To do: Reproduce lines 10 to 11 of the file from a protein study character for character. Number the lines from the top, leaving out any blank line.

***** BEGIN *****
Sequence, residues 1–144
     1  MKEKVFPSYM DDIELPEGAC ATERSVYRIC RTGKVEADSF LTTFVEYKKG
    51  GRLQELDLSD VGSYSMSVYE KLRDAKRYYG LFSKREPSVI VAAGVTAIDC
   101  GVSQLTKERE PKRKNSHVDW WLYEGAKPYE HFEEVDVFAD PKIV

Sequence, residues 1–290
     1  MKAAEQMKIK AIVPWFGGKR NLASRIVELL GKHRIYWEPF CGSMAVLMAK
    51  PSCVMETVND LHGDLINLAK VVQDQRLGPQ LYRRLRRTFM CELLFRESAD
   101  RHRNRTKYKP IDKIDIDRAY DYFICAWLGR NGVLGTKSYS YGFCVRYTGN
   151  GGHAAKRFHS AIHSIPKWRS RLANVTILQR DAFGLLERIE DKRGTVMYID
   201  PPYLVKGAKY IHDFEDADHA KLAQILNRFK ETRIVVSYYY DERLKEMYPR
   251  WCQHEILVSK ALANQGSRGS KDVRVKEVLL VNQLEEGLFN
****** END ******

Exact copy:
   201  PPYLVKGAKY IHDFEDADHA KLAQILNRFK ETRIVVSYYY DERLKEMYPR
   251  WCQHEILVSK ALANQGSRGS KDVRVKEVLL VNQLEEGLFN